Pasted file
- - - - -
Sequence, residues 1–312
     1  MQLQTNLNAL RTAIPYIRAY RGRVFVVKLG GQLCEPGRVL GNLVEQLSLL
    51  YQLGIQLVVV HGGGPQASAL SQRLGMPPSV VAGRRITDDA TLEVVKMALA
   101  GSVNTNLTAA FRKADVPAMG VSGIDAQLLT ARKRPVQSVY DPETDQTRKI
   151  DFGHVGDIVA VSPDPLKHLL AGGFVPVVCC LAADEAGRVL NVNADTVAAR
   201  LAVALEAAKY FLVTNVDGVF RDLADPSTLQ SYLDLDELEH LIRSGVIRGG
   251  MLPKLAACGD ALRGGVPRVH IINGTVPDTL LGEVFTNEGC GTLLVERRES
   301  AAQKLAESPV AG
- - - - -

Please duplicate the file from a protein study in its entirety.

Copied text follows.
Sequence, residues 1–312
     1  MQLQTNLNAL RTAIPYIRAY RGRVFVVKLG GQLCEPGRVL GNLVEQLSLL
    51  YQLGIQLVVV HGGGPQASAL SQRLGMPPSV VAGRRITDDA TLEVVKMALA
   101  GSVNTNLTAA FRKADVPAMG VSGIDAQLLT ARKRPVQSVY DPETDQTRKI
   151  DFGHVGDIVA VSPDPLKHLL AGGFVPVVCC LAADEAGRVL NVNADTVAAR
   201  LAVALEAAKY FLVTNVDGVF RDLADPSTLQ SYLDLDELEH LIRSGVIRGG
   251  MLPKLAACGD ALRGGVPRVH IINGTVPDTL LGEVFTNEGC GTLLVERRES
   301  AAQKLAESPV AG